A security researcher discovered a high-severity bug affecting PayPal’s most visited pages: the login form.

According to security researcher Alex Birsan, while exploring PayPal’s main authentication flow, he noticed a javascript file containing what appeared to be a CSRF token and a session ID. This, he says, immediately drew his attention, "because providing any kind of session data inside a valid javascript file usually allows it to be retrieved by attackers. In what is known as a cross-site script inclusion (XSSI) attack, a malicious web page can use an HTML <script> tag to import a script cross-origin, enabling it to gain access to any data contained within the file." 

In addition, Birsan identified a method by which a user, starting from a malicious site, could expose the security challenge token to a third party via a XSSI attack. If the user then followed a login link from the malicious site and entered their credentials, the malicious third party could complete the security challenge, triggering the authentication request replay and exposing the user's password. This exposure only occurred if a user followed a login link from a malicious site, similar to a phishing page.

PayPal later confirmed that a security bug was affecting their login form. "A bug was identified whereby sensitive, unique tokens were being leaked in a JS file used by the recaptcha implementation. In certain cases, a user must solve a CAPTCHA challenge after authenticating. When the security challenge is completed, the authentication request is replayed to log in. The exposed tokens were used in the POST request to solve the CAPTCHA," PayPal notes.

PayPal says that they implemented additional controls on the security challenge request to prevent token reuse, which resolved the issue, and no evidence of abuse was found. PayPal also awarded Birsan with a bounty of $15,300 for finding the vulnerability.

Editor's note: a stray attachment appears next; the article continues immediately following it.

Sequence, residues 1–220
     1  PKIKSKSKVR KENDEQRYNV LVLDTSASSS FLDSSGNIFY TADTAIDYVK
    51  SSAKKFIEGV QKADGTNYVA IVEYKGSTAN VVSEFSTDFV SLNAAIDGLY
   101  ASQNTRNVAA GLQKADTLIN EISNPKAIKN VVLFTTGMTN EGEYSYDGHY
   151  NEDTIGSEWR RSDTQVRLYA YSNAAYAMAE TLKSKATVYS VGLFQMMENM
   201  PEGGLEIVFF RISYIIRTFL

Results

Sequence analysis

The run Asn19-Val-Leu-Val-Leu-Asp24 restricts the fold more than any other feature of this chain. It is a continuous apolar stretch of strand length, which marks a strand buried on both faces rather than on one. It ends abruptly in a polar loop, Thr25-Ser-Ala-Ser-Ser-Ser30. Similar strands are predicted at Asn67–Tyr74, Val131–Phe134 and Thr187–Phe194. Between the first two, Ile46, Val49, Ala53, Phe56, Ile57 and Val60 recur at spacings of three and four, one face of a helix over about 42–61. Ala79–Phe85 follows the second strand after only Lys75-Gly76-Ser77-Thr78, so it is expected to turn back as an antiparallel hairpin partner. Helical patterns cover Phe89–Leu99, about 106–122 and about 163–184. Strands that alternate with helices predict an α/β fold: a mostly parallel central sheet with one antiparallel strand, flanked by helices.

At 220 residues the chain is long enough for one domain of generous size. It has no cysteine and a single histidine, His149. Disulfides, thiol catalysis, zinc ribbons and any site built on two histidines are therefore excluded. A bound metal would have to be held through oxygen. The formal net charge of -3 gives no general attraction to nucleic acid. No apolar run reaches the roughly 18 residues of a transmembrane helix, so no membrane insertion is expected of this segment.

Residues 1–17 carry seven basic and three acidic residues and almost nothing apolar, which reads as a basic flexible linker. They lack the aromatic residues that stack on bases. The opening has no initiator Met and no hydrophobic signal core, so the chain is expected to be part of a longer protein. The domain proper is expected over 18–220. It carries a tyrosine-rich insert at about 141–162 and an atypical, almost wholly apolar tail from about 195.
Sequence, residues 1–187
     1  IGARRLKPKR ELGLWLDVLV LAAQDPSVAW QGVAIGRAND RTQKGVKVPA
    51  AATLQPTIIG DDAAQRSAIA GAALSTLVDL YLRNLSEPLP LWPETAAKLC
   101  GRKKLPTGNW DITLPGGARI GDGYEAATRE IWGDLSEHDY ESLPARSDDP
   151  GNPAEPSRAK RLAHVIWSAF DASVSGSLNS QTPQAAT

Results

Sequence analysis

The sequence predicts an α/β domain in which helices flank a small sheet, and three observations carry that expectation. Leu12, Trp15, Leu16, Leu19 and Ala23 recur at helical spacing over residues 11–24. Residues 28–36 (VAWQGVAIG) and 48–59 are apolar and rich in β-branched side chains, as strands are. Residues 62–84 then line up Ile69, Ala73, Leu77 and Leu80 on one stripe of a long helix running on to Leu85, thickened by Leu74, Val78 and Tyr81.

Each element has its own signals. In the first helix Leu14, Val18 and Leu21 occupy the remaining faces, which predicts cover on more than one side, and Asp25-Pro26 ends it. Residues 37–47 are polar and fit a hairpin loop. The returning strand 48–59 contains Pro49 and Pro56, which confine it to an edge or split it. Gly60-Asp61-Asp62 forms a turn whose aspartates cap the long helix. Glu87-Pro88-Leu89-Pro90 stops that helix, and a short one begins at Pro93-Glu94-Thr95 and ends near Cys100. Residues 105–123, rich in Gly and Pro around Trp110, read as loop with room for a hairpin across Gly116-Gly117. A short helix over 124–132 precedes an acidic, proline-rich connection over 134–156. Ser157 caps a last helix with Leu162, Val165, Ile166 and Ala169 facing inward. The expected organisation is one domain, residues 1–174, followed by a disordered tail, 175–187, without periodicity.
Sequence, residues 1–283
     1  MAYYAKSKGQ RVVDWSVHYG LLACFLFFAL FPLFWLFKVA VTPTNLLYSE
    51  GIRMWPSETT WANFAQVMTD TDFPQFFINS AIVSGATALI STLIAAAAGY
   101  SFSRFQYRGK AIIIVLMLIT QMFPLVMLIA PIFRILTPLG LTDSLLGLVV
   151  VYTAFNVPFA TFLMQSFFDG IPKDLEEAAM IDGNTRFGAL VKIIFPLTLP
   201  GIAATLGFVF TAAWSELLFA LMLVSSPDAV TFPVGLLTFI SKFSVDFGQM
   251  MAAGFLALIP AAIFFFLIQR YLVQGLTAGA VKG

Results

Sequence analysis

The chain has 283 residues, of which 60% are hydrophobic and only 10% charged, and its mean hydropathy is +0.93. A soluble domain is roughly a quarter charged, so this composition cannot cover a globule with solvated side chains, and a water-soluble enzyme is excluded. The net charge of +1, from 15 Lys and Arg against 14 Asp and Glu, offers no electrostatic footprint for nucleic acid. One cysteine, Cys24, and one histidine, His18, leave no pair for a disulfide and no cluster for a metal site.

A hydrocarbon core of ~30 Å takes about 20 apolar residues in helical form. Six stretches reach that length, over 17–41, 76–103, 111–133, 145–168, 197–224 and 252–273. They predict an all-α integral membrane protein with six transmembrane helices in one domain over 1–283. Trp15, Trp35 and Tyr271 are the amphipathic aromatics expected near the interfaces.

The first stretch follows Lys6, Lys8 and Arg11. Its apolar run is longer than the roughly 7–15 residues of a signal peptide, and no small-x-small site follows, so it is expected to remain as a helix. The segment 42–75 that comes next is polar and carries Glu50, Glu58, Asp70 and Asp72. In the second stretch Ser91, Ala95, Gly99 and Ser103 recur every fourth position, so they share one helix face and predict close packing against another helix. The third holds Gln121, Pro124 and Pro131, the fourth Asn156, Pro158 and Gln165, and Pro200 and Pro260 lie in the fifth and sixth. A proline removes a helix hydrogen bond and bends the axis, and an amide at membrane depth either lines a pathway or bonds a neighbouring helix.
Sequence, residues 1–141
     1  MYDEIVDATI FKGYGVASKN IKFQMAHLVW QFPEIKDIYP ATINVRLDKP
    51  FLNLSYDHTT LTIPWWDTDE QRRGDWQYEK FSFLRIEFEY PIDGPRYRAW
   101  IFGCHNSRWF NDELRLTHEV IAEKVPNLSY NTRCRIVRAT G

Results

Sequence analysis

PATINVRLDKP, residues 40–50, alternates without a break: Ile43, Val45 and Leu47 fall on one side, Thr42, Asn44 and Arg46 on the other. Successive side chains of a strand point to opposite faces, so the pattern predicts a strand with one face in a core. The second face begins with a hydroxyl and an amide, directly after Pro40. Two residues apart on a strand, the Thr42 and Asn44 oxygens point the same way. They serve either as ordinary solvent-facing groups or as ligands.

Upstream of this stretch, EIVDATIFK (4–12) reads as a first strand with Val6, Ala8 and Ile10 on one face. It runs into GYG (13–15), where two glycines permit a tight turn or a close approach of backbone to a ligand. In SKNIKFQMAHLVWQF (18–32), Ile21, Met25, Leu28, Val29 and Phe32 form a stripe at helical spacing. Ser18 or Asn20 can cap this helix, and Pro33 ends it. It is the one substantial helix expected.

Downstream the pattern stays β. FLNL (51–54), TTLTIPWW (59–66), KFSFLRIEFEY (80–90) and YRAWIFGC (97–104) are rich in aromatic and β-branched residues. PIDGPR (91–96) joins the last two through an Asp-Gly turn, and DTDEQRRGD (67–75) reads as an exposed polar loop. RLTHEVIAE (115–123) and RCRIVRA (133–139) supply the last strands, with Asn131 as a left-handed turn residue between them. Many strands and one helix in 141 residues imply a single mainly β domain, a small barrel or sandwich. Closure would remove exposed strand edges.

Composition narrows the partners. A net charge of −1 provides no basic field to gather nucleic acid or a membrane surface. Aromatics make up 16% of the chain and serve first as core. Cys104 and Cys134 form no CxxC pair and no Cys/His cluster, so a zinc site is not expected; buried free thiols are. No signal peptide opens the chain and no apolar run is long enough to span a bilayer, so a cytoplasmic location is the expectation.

“While the recent PayPal vulnerability illustrates a kind of cyberthreat requiring more sophisticated attack strategies, namely the use of social engineering and phishing, we know from our clients that organizations lack cybersecurity expertise, not only security awareness for users in general. While vendors work on their end to fix vulnerabilities, organizations on their end struggle with a gap in cybersecurity experts which may not be covered even if they have a budget for it," says Rui Lopes, Engineering and Technical Support Manager at Panda Security. ​​​"Managed cybersecurity services are more important than ever, as the more sophisticated the attack strategy is (no matter the vector), the more holistic the defense approach will need to be.”

"PayPal worked to release a patch for the vulnerability within 24 hours. This is impressive, especially considering many vulnerabilities can go months, if not years before being patched," says Alex Guirakhoo, Strategy and Research Analyst at Digital Shadows. "It's unknown whether this vulnerability was exploited in the wild. Still, it could have allowed an attacker to gain access to a victim's account by way of an exposed security challenge token. If an attacker had managed to use this vulnerability to harvest user login credentials, criminals could monetize them on criminal marketplaces, forums, and automated vending carts (AVCs). Accounts for banks and other financial platforms like PayPal are highly sought. Criminals can use the financial and personal information they contain for financial fraud, and there are plenty of "how-to" guides available for sale that outline ways to card or cashout PayPal accounts."